Do your best with blood sugar control, take the best care of yourself possible, and live your life:  Much of my diabetes care is done on autopilot—not without awareness, but without obsession and stress.  It isn’t always that way, but my life is better when not consumed with diabetes angst.

Technological advances make lives hugely better:  I was in my endo’s office the day that Humalog, the first fast-acting analog insulin, was released.  After R (regular insulin) and NPH, Humalog was a miracle, and dramatically reduced hypos in me.  I have used an insulin pump for 17 years.  Although the insulin pump is amazing and I would never choose to go back to MDI (multiple daily injections), the Dexcom continuous glucose monitor (CGM) is even better.  I can exercise, I can do a 3-hour yoga class, I can go to a movie with almost no worries with my trusty Dex attached to me.  Bionic pancreas here I come!  [Note, I recognize that many do not have access to these items.  But don’t be afraid to be your own advocate and ask for the best tools available….the squeaky wheel gets the grease, or the best tech as the case may be.]

One size does not fit all:  The only sure thing about Type 1 diabetes is that we all need exogenous insulin (oh, except for some people in their honeymoon period).  When you give advice, say, “This worked for me, it might work for you, but then again it might not.”  We are all unique individuals, and diabetes affects each person differently.

Exercise, yoga, and meditation are magic “pills” for me:  Find something that works for you, that calms your mind, that helps you be “awake.”  I love to hike, I love all things fitness, and I have avidly practiced yoga for 21+ years.  I always say, yoga is easy, meditation is hard, but still I meditate.  Find your magic pill.

Doctors are not always right:  I was initially misdiagnosed as having Type 2 diabetes, by the endocrinologist at the hospital, because I was 35 years old.  But if the doctor had made the diagnosis based on etiology and phenotype, I would have been correctly diagnosed and not had to suffer being taken off of insulin.  The CDE (Certified Diabetes Educator) and nutritionist at the Diabetes Center where I was sent for classes realized I was not a Type 2, but they would not contradict the endocrinologist.  But I would and I did, and I was correctly diagnosed within a week (but that was one week off of insulin just after DKA).  I repeat, doctors are not always right.  On the other hand, today I am so fortunate to have an amazing endocrinologist and GP, who work with me and help me and support me.  No blame, no shame, just a helping hand on the journey.  Just know, you need to be your own best advocate within the medical system.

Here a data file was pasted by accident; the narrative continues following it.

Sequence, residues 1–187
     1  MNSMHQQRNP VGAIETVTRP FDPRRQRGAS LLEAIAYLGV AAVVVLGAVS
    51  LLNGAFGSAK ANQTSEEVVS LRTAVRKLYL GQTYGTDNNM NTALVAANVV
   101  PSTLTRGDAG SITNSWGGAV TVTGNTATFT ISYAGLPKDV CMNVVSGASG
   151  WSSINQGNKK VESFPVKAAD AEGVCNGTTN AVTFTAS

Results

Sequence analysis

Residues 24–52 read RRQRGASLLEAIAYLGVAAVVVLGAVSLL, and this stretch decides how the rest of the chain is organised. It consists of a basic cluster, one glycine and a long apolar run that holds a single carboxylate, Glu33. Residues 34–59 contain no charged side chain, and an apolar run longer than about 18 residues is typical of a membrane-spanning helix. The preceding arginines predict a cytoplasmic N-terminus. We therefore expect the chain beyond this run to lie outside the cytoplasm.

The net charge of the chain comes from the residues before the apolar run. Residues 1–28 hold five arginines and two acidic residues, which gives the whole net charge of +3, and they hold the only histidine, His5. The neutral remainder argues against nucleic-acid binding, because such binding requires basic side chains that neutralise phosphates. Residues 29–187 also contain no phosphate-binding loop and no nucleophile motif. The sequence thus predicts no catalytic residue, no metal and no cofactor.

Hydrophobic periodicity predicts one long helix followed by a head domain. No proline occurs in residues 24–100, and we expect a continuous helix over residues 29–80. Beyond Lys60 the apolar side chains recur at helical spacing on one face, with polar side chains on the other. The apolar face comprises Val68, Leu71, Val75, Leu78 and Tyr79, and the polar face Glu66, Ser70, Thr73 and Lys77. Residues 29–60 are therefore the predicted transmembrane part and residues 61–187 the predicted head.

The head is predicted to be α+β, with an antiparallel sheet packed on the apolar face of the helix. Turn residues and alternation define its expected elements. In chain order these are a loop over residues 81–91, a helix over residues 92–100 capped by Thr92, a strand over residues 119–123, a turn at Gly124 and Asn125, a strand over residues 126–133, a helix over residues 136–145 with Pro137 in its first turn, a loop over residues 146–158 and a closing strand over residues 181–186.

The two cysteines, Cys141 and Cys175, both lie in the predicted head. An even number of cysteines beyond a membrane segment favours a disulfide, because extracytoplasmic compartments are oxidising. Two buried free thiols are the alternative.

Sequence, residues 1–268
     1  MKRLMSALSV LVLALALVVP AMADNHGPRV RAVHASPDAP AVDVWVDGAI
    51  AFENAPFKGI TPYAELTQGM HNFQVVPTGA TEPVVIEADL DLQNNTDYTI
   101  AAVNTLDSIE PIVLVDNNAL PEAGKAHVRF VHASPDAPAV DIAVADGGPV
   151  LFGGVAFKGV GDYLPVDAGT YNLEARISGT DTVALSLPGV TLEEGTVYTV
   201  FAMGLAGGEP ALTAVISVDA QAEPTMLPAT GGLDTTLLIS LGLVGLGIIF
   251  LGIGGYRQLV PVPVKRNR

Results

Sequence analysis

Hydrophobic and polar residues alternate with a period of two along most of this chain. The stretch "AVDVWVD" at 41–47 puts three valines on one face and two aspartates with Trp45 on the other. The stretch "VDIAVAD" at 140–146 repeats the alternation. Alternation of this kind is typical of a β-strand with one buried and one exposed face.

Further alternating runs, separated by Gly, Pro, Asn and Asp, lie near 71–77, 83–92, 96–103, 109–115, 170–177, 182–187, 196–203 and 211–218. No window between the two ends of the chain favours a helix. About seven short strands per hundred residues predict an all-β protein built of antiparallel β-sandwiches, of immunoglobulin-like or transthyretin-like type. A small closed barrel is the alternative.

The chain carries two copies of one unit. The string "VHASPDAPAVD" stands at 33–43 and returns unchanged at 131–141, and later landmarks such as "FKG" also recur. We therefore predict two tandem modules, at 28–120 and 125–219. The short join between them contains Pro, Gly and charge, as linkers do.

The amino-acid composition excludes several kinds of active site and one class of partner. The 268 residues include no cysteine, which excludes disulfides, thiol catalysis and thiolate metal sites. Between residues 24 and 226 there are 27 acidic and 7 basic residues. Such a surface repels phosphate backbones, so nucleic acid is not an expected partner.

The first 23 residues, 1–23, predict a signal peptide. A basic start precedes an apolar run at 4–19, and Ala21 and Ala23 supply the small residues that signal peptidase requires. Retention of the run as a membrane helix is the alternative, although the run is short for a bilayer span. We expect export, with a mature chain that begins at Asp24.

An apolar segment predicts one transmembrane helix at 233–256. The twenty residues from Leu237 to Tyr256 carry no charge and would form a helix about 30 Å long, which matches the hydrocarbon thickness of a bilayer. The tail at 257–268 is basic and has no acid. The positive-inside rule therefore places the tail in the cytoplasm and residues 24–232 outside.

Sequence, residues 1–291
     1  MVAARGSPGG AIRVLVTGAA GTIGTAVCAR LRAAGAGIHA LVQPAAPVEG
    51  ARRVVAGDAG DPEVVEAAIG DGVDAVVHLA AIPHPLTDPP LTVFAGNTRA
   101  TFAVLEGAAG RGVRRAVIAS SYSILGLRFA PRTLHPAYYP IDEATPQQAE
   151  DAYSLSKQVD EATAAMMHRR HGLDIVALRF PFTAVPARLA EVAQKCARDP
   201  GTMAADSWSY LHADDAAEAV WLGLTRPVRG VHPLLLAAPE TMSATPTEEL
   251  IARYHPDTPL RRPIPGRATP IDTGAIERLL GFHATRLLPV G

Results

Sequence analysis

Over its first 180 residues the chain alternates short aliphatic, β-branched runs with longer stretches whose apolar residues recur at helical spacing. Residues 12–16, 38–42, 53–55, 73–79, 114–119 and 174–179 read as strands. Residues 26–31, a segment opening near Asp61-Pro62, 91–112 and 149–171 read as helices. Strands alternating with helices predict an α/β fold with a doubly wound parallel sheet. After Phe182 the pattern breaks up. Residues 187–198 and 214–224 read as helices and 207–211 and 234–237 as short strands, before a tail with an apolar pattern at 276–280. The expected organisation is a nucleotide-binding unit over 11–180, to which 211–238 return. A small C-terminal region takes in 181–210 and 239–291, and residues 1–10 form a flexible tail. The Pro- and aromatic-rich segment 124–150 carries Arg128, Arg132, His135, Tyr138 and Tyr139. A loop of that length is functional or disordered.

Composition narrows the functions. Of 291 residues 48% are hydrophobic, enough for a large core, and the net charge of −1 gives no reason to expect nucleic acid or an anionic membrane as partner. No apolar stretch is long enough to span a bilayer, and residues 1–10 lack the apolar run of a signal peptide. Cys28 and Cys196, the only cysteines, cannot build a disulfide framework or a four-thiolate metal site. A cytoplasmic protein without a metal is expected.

Finally, test, test, test!  Test your blood glucose often.  Know your numbers (BG, A1c, blood pressure) and do your eye, kidney, and nerve tests.  See your doctor regularly.


In Type 1 diabetes, I actually found my mission in life, which is to change the perception that Type 1 diabetes is a childhood disease, and to work towards getting the many, many people with adult-onset Type 1 diabetes correctly diagnosed and treated (most are still misdiagnosed).  Out of the worst, the thing that I thought would ruin my life, came my purpose in life.  I wish I had not acquired this disease, I don’t wish this disease on anyone, but my life was not ruined and I am living well and with purpose (mind you, not without the occasional diabetes day from hell).  Before 1921 and the discovery of insulin, people with Type 1 diabetes died rapidly.  We are given a second chance—let’s use it well.